"Do You Make These Mistakes in English? The Story of Sherwin Cody's Famous Language School" by Edwin L. Battistella
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A book for individuals who are curious about English language education and marketing, and how these two topics overlapped in the early 1900s.
As I have always been fascinated by the advertising industry and pretty much anything having to do with language, I was very excited to read this book. After reading it, I am sorry to report that it was a bit of a letdown.
There were many interesting facts about Cody's life and his approach to teaching, and it was fun to see some of the exercises from his course. Overall, however, I found the writing to be quite dry and repetitive in places. The book was not so much an entertaining look at history as a recitation of historical information.
Here is a description of the book from Oxford University Press:
In the early 1900s, the language of America was becoming colloquial English-the language of the businessman, manager, and professional. Since college and high school education were far from universal, many people turned to correspondence education-that era's distance learning-to learn the art of speaking and writing. By the 1920s and 1930s, thousands of Americans were sending coupons from newspapers and magazines to order Sherwin Cody's 100% Self-correcting Course in the English Language, a patented mail-order course in English that was taken by over 150,000 people.
Cody's ubiquitous signature advertisement, which ran for over forty years, promised a scientifically-tested invention that improved speaking and writing in just 15 minutes a day. Cody's ad explained that people are judged by their English, and he offered self-improvement and self-confidence through the mail.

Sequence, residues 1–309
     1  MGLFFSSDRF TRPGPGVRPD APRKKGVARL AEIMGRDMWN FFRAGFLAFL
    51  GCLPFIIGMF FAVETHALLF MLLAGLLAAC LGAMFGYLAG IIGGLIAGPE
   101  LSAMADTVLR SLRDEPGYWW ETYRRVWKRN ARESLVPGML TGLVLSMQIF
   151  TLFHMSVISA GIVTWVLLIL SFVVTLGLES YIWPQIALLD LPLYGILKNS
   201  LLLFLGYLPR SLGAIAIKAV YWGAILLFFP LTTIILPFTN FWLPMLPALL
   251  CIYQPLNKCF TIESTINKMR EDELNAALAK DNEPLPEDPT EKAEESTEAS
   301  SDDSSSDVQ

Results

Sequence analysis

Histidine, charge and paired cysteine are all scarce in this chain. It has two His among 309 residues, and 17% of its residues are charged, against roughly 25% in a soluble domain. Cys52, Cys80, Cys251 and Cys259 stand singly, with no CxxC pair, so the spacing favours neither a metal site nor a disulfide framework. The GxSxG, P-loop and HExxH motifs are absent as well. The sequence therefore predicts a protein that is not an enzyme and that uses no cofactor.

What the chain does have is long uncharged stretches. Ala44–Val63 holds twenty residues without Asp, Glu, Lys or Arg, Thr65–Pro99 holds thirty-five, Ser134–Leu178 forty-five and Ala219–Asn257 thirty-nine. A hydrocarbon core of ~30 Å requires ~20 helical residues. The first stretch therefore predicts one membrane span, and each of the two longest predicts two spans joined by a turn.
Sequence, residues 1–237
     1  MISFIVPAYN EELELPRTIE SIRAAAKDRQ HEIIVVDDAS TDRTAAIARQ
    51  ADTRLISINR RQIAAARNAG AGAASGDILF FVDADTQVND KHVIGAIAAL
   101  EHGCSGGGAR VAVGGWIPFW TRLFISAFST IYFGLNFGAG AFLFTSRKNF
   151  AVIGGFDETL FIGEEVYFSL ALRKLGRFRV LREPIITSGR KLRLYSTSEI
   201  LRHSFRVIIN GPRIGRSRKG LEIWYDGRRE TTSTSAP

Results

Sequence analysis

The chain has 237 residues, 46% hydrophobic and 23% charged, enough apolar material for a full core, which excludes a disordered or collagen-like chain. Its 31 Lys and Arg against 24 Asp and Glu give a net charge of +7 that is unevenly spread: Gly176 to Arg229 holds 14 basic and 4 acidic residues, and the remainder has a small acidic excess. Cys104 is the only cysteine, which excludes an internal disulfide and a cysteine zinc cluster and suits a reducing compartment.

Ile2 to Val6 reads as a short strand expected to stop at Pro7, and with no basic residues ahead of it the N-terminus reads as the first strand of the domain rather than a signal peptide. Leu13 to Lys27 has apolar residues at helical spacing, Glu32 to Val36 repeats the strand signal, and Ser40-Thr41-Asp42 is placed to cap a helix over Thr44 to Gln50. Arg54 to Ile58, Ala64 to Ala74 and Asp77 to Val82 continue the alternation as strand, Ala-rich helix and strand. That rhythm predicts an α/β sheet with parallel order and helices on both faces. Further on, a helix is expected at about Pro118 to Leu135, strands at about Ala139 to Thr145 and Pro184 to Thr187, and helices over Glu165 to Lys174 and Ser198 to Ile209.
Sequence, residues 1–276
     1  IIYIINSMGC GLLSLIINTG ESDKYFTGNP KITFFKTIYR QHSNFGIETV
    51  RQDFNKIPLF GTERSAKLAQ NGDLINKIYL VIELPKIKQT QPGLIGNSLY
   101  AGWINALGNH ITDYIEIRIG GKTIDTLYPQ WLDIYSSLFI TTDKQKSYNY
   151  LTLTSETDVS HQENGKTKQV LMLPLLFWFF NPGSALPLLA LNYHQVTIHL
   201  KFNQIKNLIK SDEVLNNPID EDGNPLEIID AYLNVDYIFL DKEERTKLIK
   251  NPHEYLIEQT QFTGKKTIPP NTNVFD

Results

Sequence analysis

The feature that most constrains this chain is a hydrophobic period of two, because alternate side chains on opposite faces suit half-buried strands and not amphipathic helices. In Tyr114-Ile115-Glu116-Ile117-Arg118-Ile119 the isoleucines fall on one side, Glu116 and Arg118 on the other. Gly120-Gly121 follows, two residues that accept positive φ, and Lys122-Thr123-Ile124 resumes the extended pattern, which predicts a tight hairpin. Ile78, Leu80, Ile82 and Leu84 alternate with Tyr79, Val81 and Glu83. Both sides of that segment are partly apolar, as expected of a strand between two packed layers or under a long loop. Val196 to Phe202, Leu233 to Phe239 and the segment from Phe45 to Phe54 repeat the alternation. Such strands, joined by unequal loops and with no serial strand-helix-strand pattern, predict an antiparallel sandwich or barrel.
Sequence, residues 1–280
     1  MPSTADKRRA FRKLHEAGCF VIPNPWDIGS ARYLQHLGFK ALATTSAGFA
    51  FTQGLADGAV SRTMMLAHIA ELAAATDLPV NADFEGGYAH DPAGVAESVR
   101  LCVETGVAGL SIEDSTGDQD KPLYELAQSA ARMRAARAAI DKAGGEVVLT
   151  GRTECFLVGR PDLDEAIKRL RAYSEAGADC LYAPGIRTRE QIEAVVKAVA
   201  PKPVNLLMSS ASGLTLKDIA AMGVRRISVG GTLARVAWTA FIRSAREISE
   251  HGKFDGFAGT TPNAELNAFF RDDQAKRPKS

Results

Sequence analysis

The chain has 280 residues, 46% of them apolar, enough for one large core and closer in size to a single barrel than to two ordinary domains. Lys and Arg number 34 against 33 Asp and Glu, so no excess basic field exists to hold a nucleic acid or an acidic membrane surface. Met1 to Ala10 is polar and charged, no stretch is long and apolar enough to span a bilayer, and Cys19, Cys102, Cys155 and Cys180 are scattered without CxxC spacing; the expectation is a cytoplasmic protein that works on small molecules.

In this book, linguist Edwin Battistella tells the story of Sherwin Cody and his famous English course, situating both the man and the course in early twentieth century cultural history. The author shows how Cody became a businessman-a writer, grammatical entrepreneur, and mass-marketer whose ads proclaimed "Good Money in Good English" and asked "Is Good English Worth 25 Cents to You?" His course, perhaps the most widely-advertised English education program in history, provides a unique window onto popular views of language and culture and their connection to American notions of success and failure. But Battistella shows Sherwin Cody was also part of a larger shift in attitudes. Using Cody's course as a reference point, he also looks at the self-improvement ethic reflected in such courses and products as the Harvard Classics, The Book of Etiquette, the Book-of-the-Month Club, the U.S. School of Music, and the Charles Atlas and Dale Carnegie courses to illustrate how culture became popular and how self-reliance evolved into self-improvement.
Don't shy away from reading the book if the description piques your interest; just be prepared for its lusterless nature.